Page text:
Nomorobo-TWC marriage … but no ring

Nomorobo founder Aaron Foss.

Nomorobo’s alliance with Time Warner Cable is off to a flying start – and more big deals are pending for the Mount Sinai startup.

Within five days of Time Warner’s announcement that the Nomorobo telemarketing and robocall blocker was live and available for one-click activation for all Time Warner Cable Home Phone customers, more 3,500 customers had signed on.

“Over 700 new people have clicked that button every day,” noted Nomorobo founder Aaron Foss. “A lot of companies don’t have 700 users in their lifetime, and that’s just our incremental daily signup.”

And that’s in addition to customers signing up directly through the Nomorobo website, which allows users to enter landlines serviced by any carrier and, starting in February, mobile numbers as well. To date, nearly 400,000 users have engaged the Nomorobo system, which is credited with snuffing out over 61 million robocalls and counting.

With a national partner like Time Warner Cable – and its 16 million data and communications customers – in the fold, expect those impressive numbers to skyrocket, and fast.

Robocalls are “the largest category of complaints at the Federal Communications Commission,” noted Jeff Lindsay, general manager of TWC Home Phone, meaning the introduction of one-click Nomorobo activation is a direct response to customer demand.

“We want to do everything we can to empower our customers to take control over the calls that come into their home,” Lindsay said. “Nomorobo, along with several other privacy features we offer, provides our customers peace of mind in knowing that illegal telemarketing and robocalls calls won’t get through.”

Nomorobo uses cloud-based, patent-pending technology centered around an ever-evolving “blacklist” of known telemarketing and robo-numbers to shoot down unwanted calls after just one ring.

The technology, cleared for public consumption by a 2015 FCC rule change that gave telephone companies wider latitude in blocking robocalls and spam text messages on landlines and wireless phones, is the latest addition to Time Warner Cable’s “Peace and Quiet” privacy features. The package also offers the ability to block up to 30 private phone numbers, block calls generated with hidden caller ID and add specific ringtones for up to 30 numbers, among other tools.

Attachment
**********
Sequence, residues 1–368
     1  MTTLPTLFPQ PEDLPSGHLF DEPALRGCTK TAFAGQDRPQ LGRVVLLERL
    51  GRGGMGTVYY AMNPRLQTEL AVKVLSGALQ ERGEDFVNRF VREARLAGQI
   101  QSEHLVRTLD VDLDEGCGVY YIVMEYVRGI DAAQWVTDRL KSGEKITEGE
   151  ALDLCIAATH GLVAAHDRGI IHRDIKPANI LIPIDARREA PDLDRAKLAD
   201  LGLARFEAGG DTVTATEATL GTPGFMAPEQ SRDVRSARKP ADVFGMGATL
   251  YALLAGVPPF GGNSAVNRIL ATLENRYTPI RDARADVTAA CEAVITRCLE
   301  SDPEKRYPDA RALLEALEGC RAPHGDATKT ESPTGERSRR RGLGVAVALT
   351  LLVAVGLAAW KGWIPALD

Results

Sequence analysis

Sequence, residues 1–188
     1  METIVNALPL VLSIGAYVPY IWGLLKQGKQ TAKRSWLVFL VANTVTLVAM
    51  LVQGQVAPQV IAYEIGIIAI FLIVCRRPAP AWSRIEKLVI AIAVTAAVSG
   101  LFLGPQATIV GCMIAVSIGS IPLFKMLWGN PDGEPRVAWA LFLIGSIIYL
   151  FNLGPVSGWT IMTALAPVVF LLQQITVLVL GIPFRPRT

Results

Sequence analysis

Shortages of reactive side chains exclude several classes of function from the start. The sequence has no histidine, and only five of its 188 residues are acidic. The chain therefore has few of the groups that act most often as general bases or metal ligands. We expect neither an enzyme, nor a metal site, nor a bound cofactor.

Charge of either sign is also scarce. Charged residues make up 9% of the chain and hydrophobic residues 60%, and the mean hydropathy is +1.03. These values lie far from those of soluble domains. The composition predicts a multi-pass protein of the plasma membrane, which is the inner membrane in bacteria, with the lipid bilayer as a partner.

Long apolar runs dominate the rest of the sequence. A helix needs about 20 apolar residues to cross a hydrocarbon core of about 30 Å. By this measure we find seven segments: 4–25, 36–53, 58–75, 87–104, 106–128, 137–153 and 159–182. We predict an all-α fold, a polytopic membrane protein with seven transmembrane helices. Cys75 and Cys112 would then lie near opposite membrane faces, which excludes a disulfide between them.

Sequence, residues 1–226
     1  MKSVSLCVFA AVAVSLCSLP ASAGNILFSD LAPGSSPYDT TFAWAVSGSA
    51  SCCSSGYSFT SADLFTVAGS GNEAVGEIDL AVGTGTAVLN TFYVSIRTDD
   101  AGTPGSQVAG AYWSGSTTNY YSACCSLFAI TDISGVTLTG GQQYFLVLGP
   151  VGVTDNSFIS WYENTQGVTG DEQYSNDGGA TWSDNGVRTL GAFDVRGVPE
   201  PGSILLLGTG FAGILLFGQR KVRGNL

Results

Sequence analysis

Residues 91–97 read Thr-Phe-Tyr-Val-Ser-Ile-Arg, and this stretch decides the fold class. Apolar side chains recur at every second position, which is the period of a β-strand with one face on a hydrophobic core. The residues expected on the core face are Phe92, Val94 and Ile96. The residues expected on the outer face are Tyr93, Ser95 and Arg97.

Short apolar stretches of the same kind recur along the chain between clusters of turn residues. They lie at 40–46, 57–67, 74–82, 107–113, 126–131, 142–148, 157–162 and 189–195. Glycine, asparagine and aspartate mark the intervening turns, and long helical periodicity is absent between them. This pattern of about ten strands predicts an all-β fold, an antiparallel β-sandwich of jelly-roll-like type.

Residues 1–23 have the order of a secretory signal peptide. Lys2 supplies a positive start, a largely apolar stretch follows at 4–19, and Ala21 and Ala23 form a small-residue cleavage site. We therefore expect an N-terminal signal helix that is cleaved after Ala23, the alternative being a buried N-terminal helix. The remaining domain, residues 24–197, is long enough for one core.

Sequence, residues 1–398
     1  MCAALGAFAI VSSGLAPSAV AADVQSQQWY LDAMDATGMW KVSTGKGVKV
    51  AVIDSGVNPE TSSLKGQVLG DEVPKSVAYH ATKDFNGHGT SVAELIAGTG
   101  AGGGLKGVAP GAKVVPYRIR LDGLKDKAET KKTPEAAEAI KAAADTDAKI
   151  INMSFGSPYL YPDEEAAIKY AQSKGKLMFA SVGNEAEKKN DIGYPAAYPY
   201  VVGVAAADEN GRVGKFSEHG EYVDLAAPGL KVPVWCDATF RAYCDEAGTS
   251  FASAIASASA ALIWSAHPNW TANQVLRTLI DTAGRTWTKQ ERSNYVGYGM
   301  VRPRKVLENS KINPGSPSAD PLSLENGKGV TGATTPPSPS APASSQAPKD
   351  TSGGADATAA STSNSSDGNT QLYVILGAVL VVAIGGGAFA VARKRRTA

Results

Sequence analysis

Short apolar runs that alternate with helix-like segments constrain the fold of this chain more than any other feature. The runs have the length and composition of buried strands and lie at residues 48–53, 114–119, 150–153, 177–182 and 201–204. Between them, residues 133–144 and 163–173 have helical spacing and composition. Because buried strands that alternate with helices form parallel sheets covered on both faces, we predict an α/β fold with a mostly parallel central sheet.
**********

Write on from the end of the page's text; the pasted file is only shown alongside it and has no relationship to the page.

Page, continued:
The one-click option – TWC Home Phone customers can now activate Nomorobo with a single keystroke on Time Warner’s VoiceZone website – actually went live Jan. 6, though Time Warner didn’t make an official announcement until Jan. 14, ostensibly to give the easier activation system a thorough shakedown.

Since then, the third-party call-blocking option has been ringing off the hook, so to speak. Even Foss is impressed: While his gut told him Nomorobo would catch on fast with TWC Home Phone customers, Foss didn’t expect the call-blocker to take off among Time Warner customers to this degree.

“I thought it would be a quiet launch,” Foss said, “but Time Warner really wanted to make a big deal about it, and the media coverage has been tremendous.

“The numbers show this has been an absolute success so far,” he added.

That absolute success might signal the start of a huge 2016. In addition to the introduction of its mobile Nomorobo app – knee-deep in beta testing now, with full rollout slated for mid-February – Foss’ firm is about to ink another deal with a major landline carrier.

Foss is keeping the details under wraps for now, but said another deal is “immediately pending” and should be announced around the time Nomorobo mobile hits the virtual shelves next month.